By TW Contributing Editor, Rosangel Valenti
Good morning. This is today's gathering-place for discussing what's happening in Paris. Today's planned schedule of play can be found here.
Pushing this up today's agenda: I had been making plans to be in Paris today, but decided last night to call off the trip, after looking through various weather forecasts. The consensus from all sources is that rain is expected, predominantly of the heavy variety. I can't say that no play will take place, but the risk/reward ratio for a visitor seems unacceptably high. Tomorrow could be a better day.
On the men's side, it's an easy choice for me: Marat Safin versus Nikolay Davydenko, on Court 1. The head-to-head is 3-2 in Davydenko's favour - however, some of the matches between these two have been tight, including the most recent, on clay, in Rome last year .
The Marin Cilic-Stanislas Wawrinka matchup planned for Court 16 might also be interesting, if it were likely to be televised. James Blake's encounter with Latvia's Ernests Gulbis, first on Court 1, also has potential, as does Gael Monfils' clash with Luis Horna on Lenglen. Today, Lenglen would have been my court of choice, as the programme also includes Alize Cornet up against Gisela Dulko, and Rafael Nadal's second-round match aganst Nicolas Devilder. Roger Federer is due to appear at roughly the same time as Nadal, on Court Chatrier, for his match with Albert Montanes.
One interesting tidbit I picked up today when looking through the women's matches is that Marina Erakovic, New Zealand's number one player, ranked 80 in the world, was for some time coached by a former contributor to TW, 1983 Wimbledon finalist Chris Lewis. Erakovic is due to play Jelena Jankovic first on Lenglen today, and I found these comments that Chris himself wrote earlier this year about his former charge.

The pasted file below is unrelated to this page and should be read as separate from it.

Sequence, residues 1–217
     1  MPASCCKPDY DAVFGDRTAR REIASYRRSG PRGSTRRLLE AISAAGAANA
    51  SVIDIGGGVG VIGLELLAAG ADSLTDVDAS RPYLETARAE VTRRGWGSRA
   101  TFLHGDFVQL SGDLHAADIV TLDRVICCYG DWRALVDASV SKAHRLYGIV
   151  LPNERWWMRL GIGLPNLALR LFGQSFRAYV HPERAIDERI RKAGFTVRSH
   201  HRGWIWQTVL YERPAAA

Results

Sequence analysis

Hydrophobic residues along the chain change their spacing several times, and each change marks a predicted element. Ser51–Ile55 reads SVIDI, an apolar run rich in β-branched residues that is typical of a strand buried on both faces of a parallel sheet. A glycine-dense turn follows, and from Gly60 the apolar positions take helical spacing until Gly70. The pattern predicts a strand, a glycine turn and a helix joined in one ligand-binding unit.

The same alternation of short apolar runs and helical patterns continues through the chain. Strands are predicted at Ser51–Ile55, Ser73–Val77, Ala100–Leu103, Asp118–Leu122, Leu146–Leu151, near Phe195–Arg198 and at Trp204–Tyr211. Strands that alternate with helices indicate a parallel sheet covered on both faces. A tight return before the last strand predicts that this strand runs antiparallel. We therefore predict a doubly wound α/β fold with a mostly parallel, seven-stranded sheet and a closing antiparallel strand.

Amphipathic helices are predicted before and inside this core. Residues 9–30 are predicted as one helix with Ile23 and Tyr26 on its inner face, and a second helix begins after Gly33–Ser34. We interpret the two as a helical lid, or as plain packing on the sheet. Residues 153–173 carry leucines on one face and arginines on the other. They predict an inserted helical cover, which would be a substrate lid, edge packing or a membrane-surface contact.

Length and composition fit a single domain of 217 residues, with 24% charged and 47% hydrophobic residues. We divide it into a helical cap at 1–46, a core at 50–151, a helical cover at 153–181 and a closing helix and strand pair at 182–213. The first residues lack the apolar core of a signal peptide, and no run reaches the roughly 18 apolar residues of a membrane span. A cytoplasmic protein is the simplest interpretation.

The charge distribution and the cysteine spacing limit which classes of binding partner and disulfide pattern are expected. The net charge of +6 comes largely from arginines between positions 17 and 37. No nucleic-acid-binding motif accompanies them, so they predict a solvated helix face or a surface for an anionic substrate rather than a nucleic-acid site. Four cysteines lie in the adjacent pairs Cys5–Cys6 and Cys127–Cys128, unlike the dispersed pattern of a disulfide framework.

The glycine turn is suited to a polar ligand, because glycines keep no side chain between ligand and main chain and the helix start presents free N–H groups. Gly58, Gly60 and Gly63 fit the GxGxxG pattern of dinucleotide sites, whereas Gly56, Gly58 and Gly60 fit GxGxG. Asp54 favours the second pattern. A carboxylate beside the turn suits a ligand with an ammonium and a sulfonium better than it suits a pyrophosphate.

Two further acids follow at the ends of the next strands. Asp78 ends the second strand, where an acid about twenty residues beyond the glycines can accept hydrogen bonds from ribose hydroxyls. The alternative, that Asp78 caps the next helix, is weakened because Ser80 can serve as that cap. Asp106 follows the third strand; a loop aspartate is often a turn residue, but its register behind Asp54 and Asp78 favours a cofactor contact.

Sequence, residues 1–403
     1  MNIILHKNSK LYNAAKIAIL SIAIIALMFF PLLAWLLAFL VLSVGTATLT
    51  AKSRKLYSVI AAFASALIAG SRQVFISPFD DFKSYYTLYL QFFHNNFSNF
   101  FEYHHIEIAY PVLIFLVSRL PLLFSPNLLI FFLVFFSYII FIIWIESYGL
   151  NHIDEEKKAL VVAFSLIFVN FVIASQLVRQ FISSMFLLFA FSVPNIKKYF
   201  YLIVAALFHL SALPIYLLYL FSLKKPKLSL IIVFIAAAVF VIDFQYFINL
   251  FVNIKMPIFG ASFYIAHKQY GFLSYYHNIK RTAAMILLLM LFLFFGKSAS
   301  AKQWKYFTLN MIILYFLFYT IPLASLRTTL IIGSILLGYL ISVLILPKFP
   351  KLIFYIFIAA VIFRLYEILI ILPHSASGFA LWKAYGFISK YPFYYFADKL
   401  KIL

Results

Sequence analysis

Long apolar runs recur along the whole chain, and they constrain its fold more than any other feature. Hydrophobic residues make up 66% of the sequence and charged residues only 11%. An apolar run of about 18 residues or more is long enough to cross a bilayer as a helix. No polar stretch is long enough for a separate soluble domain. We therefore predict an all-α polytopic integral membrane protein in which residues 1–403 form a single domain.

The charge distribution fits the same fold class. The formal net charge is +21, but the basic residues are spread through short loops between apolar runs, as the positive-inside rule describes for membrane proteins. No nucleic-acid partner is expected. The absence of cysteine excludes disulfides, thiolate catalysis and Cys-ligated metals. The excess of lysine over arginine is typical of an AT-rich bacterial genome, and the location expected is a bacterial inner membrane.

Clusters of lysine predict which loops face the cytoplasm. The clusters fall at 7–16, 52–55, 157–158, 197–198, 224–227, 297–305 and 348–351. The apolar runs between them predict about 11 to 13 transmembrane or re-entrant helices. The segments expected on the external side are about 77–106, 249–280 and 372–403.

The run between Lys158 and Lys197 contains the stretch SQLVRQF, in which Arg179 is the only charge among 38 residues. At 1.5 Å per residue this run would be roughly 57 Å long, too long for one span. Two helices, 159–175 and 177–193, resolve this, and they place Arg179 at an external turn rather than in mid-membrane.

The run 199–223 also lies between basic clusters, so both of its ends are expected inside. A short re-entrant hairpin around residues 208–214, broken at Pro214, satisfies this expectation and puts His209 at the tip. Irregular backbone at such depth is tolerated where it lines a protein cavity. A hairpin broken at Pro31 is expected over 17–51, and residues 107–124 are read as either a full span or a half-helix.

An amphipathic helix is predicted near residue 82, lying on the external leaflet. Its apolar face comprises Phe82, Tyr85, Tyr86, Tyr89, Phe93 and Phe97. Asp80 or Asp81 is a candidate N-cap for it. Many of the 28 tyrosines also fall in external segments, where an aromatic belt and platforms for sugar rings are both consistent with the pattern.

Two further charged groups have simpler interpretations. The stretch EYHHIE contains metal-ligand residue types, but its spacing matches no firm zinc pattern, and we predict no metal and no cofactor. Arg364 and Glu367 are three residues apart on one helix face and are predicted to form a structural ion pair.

From yesterday on the men's side, Andy Murray. In his clinical three-set dismantling of an experienced claycourter in Jose Acasuso (who has played roughly ten times as many matches on the surface as Murray), he was near-perfect, breaking the Argentinian in the opening game, and looking the likelier winner ever after. It's the best performance I've seen from him all year - and I've seen many, including his win over Roger Federer. His serve, return, defence and shotmaking were all sparkling. It was totally unexpected, given his recent form and demeanour. A mention must surely also go to Paul-Henri Mathieu, who for the first time in his career came from two sets behind to win a five-setter against Oscar Hernandez.
On the women's side, many of us saw Russia's Evgeniya Rodina come within two points of a first-round upset of world number one Maria Sharapova, in a match that was decided 8-6 in the final set. From now on, we'll know who she is. Elsewhere, Casey Dellacqua pulled off a three-set win over Marion Bartoli, beating the Frenchwoman for the first time.
As always, enjoy today's events in Paris.
[Note: I took very few pictures in Paris on Tuesday, due to the weather, but a few of Rafael Nadal's fleeting appearance are on this link (click any picture to enlarge), and I'll have some of other players available later today. The smaller picture above, of Simone Bolelli, was taken by MarieJ, on one of the outside courts earlier in the week.]